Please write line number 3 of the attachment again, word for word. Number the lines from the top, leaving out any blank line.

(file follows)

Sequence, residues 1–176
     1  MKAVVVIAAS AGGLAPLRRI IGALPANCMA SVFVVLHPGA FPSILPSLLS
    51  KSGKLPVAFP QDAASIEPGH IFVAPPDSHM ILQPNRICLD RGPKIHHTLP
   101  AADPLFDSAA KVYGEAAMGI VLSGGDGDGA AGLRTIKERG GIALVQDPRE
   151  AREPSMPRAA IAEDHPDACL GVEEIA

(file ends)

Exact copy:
    51  KSGKLPVAFP QDAASIEPGH IFVAPPDSHM ILQPNRICLD RGPKIHHTLP